Florida Inmates start month-long ‘laydown’ to protest ‘modern day slavery’

Inmates inside Florida's prisons are fighting back against "modern day slavery."

Image Credit: Pixabay

Inmates inside Florida’s prisons are fighting back against “modern day slavery.”

In an attempt to “cripple the prison system” through non cooperation, prisoners in the state of Florida began Operation PUSH on Monday in which prisoners will “laydown” and not report to their work assignments to protest a longstanding grievance against unpaid labor they provide.

“Our goal is to make the Governor realize that it will cost the state of Florida millions of dollars daily to contract outside companies to come and cook, clean, and handle the maintenance,” one prisoner said in a statement on The Campaign to Fight Toxic Prisons’ website. “This will cause a total BREAK DOWN.”

A statement made by The Campaign to Fight Toxic Prisons reported that thousands of prisoners in at least eight facilities have already taken part in the month-long Operation PUSH and plan to “stay down indefinitely” until all their concerns are addressed and lives of incarcerated people improve within the Florida Department of Corrections.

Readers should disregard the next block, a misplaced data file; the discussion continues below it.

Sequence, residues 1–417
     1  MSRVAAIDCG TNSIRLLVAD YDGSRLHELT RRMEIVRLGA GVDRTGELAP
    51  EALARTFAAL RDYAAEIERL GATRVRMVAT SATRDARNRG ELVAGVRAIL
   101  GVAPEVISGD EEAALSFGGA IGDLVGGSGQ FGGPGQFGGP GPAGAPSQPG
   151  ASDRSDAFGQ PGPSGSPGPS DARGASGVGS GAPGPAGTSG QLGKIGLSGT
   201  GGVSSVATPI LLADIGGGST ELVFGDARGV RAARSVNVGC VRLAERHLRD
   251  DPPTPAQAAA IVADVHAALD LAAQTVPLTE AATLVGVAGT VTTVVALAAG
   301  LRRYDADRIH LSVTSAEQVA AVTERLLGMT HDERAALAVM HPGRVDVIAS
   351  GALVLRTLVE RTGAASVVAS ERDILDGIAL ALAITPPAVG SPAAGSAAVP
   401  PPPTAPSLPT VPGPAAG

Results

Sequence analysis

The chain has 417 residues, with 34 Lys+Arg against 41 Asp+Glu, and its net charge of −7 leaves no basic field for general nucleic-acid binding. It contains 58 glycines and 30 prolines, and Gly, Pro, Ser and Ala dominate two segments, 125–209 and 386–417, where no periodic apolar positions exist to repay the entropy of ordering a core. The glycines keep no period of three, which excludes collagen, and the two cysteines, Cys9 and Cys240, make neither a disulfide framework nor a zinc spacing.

A few other concerns include lowering “outrageous canteen prices” and “reintroducing parole incentives to lifers,” according to The Campaign to Fight Toxic Prisons.

Florida, along with a few other states, doesn’t offer pay to inmates for work assignments.

While Florida is the third-largest prison system in the U.S. with 97,000 inmates, according to state figures, many inmates believe that “prison slavery,” canteen price gouging and the nix of parole have “directly created the overcrowding that is responsible for the deplorable conditions in Florida prisons.”

“It’s time we reverse the psychology and STAND together,” prisoners wrote in a statement on The Campaign to Fight Toxic Prisons’ website.

With more than 100 groups backing Operation PUSH, including Black Lives Matter, several local chapters of the Democratic Socialists of America and Florida State University’s NAACP chapter along with various religious affiliates, inmates are asking for all the support they can get from people on the outside to help carry out their voices on the inside.

“In order to become very effective we must use everything we have to show that we mean business,” prisoners wrote in a statement on The Campaign to Fight Toxic Prisons’ website. “This is our chance to establish UNITY and SOLIDARITY. This is the strategy of Operation PUSH! A voice locked up is not a voice unheard!”





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